However with a superstore chain like Ito Yokado displaying Next Meat’s plant-based meats alongside animal meat, it anticipates that this “paradigm shift” may boost consumer perceptions of alternative proteins as an equally sufficient source of protein as regular meat.
Last January, Next Meat was listed on the US over-the-counter (OTC) market.
Haofood rolls out peanut-based chicken in foodservice
Haofood has formed a partnership with five restaurants in Shanghai, China, each offering authentic dishes from various cultural cuisines featuring peanut-based chicken.
“We want to unite the past, present and future,” says Prajogo. “The past being traditional menus by dedicated chefs, the future being plant-based meat, and the present being customers’ experiences today.”
The five restaurants using Haofood’s products to revitalise their cultures’ dishes are Green Friday, Topolino, STYX, Wrap and Roll, and The Pawon.
Each of Haofood’s partners brings something unique to the table. Wrap and Roll turns Haofood’s chicken into mini burgers, wrap and salad bowls.
Green Friday, specializing in plant-based dishes, marries popular Chinese dishes la zi ji (stir-fried chicken infused with Sichuan spices) and gong bao ji ding (stir-fried chicken, peanuts and vegetables) with peanut-based chicken from Haofood.
The Pawon presents authentic Indonesian chicken dishes sate ayam (skewered grilled meat), ayam rendang (chicken stew with coconut milk) and dabu-dabu (grilled chicken).
STYX’s menu is inspired by the Southeast Asian street food scene with dishes including chicken satay, chicken curry rice, chicken bites and fusion tacos.
Meanwhile, Topolino offers a variety of Sicilan comfort foods from pizza and pasta to salads and paninis.
Honoring Malay food culture
In other regional developments, Fonterra Brands Malaysia’s food service arm, Anchor Food Professionals, has kicked off its “Inspirasi Raya” campaign with the unveiling of ten traditional dishes reinvented using the Anchor Extra Yield Cooking Cream.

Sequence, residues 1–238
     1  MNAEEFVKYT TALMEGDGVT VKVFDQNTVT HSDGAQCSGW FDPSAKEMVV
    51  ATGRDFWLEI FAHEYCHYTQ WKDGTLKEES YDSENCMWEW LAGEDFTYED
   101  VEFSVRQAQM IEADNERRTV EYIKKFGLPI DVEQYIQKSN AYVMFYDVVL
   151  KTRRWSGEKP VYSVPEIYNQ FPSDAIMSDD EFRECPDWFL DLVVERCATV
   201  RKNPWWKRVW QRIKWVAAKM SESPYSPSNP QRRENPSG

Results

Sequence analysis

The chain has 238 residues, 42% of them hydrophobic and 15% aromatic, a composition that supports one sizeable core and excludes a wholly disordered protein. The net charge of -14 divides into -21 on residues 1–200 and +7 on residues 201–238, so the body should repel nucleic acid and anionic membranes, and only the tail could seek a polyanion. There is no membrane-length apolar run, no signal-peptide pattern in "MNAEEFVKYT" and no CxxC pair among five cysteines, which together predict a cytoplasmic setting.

Formulated for heat stability and creamier consistency, the Anchor Extra Yield Cooking Cream is marketed as an alternative to santan, coconut milk.
Recipes curated include a variation of state-famous Raya staples such as rendang tok (dry, nutty rendang) and rendang ayam pedas from Perak (spicy rendang) and rendang kambing hitam (rendang with goat) from Pahang, to further inspire the celebration of traditional Ramadan and Raya dishes.
Step-by-step recipes and demonstration videos incorporating the Anchor Extra Yield Cooking Cream were made possible with the help of Fonterra’s in-house chefs, Noorfiruz Mohamad Noor, Ichiro Wong and Chrispian Arthur Epui.
“Following the COVID-19 pandemic, home cooking has been the choice for many families. We wanted to provide home cooks with an accessible solution that serves the entire family's sophisticated yet simple culinary-at-home delights.”
“Cooking and preparing for a feast during Raya is usually the highlight of the celebration. It has been a challenging year for all of us, and we hope that sharing these recipes will bring light, joy and happiness to those celebrating, near and far.”
The remake of the dishes elevates the experience of Raya-feast preparations, which many Malaysians can relate to intimately.
The Anchor Extra Yield Cooking Cream is made from a high quality New Zealand milk source. It is a pre-reduced cooking cream with a 20 percent better yield than most UHT cooking creams for time and cost savings.
Uelzena and FrieslandCampina Ingredients have each previously noted that Asia, in particular, is seeing significant growth for traditional and premium dairy products.
By Benjamin Ferrer